JAKARTA (Reuters) - A string of Indonesian regional elections this year followed by a presidential and parliamentary vote in 2019 should not deter foreign investment in Southeast Asia’s biggest economy, President Joko Widodo’s chief of staff told Reuters.
A bruising campaign to lead Jakarta last year exposed religious and ethnic rifts in the world’s largest Muslim-majority country, as Islamist-led rallies targeted the then governor - an ethnic Chinese Christian accused of blasphemy.
Indonesian police cracked down on some Islamist groups and arrested several people for alleged treason, but the tension has raised concern among some investors.
“Indonesia as a maturing democracy will not be influenced overall by developments in regional elections or 2019 elections. Investors need not be doubtful about coming here,” Presidential Chief of Staff Moeldoko, a retired armed forces chief, said in an interview.
Moody’s Investors Service said in a note this year that regional elections in Indonesia were “likely to slow down any reform momentum”.
Foreign investors have applauded some government efforts to streamline regulations, but say there are still too many restrictive rules and a stifling bureaucracy.
Last year, Indonesia recorded 8.5 percent more foreign direct investment (FDI) in rupiah terms than it attracted in 2016.
Moeldoko, who uses only one name, said the government was focused on ensuring political and economic stability through the election period, which he called a “festival of democracy”.
Indonesia is the world’s third-biggest democracy, but next year’s presidential election will only be the fourth direct democratic vote since the fall of the late strongman Suharto in 1998.
The contest looks set to be a repeat of 2014, when President Widodo narrowly beat ex-general Prabowo Subianto. The bitter campaign saw Widodo falsely accused of not being a Muslim and being the offspring of Chinese communists.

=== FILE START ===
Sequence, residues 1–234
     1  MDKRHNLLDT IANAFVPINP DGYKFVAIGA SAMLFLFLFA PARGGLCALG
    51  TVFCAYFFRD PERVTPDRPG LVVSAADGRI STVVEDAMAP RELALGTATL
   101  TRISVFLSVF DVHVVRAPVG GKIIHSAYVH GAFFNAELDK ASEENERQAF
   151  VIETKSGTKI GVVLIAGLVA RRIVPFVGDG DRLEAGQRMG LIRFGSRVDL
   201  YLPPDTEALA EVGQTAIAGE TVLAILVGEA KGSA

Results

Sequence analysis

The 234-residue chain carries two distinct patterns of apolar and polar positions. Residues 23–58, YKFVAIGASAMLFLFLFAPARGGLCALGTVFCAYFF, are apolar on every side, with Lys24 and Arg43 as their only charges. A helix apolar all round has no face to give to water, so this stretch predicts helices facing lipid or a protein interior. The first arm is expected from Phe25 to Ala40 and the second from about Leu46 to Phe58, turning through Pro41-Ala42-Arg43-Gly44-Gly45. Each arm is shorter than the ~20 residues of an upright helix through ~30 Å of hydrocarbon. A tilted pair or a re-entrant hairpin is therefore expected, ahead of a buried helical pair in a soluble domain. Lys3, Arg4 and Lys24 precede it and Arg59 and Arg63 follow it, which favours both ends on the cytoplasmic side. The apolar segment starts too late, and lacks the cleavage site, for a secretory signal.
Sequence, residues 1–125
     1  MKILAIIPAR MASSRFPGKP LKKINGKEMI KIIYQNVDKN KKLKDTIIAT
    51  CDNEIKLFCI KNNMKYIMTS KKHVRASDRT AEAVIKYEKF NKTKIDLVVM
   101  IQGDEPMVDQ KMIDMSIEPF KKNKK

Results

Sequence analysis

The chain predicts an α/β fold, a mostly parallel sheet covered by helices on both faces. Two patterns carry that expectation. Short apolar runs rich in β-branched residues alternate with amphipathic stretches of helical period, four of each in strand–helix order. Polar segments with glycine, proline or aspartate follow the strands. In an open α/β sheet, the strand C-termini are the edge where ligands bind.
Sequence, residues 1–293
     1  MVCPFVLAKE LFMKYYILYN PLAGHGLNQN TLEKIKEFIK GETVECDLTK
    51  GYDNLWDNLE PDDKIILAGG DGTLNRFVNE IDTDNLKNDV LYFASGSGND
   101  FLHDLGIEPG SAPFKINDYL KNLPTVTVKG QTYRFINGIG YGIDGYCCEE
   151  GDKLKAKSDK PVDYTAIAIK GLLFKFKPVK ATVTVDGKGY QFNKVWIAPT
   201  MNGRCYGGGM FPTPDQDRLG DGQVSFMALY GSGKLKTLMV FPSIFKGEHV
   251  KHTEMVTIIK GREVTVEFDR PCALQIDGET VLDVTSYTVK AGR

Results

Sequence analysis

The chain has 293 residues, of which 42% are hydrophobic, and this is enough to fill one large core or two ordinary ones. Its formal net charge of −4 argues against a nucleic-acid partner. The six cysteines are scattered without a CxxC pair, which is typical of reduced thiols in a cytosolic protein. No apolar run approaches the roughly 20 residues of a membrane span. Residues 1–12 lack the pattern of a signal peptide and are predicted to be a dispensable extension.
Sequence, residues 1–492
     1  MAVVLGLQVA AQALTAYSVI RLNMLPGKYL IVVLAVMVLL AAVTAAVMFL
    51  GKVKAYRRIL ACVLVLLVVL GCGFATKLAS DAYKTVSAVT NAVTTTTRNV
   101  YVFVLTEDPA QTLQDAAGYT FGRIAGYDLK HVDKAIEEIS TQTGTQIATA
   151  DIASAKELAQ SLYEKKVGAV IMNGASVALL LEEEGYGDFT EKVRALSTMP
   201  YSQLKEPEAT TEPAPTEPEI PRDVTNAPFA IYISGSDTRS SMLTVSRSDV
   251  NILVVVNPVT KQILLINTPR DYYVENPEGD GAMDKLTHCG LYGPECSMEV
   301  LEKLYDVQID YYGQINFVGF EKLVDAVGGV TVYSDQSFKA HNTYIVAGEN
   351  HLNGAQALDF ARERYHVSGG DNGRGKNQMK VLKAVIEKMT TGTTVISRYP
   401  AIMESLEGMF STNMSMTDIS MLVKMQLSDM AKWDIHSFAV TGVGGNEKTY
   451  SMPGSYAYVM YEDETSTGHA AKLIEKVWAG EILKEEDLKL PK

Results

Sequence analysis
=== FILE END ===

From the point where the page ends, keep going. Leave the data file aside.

Since the Islamist-led rallies starting in late 2016, Widodo has scrambled to shore up support from moderate Muslim groups and the security forces to counter hardline groups’ rising influence and defend Indonesia’s reputation for religious tolerance and diversity.
His appointment this year of Moeldoko, 61, who led the military between 2013 and 2015, was seen as part of these efforts.
Moeldoko, who is also head of one of Indonesia’s biggest farmers’ associations, said the government was committed to battling hardline ideology.
“But what’s far more important is that the Islamic axis in Indonesia has a collective awareness that we cannot be promoting an Islam that excludes. We should keep moving towards a moderate Islam,” he said.
“Our hope is that eventually, those who call for...other ideologies, that they understand that ‘Pancasila’ is most right and appropriate,” he added, referring to Indonesia’s secular state ideology.
Opposition leader Subianto’s campaign in the 2019 election is expected to focus on inequality among the country’s 250 million people and argue that the government is overly reliant on Chinese investment.
Last month, during a speech to party members, Subianto referred to a novel, “Ghost Fleet”, which is set in the near future and includes in its plot Indonesia becoming a failed state by 2030, to highlight what he said were the economic and social risks facing the country.
Moeldoko dismissed such risks and said the book written by P.W. Singer and August Cole was “fiction and entertainment”.
“(Consulting firm) McKinsey has said Indonesia will be among the top five or six economies in the world by 2030. We want to focus on how we can make that happen and what this government must prepare to realize that goal,” he said.
Editing by Clarence Fernandez